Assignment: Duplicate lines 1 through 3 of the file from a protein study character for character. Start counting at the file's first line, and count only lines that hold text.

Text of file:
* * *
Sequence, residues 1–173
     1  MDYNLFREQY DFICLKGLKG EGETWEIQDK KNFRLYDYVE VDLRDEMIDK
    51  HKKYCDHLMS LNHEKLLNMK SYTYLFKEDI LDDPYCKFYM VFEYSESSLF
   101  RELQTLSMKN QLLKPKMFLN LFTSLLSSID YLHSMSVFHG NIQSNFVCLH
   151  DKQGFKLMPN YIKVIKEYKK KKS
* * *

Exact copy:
Sequence, residues 1–173
     1  MDYNLFREQY DFICLKGLKG EGETWEIQDK KNFRLYDYVE VDLRDEMIDK
    51  HKKYCDHLMS LNHEKLLNMK SYTYLFKEDI LDDPYCKFYM VFEYSESSLF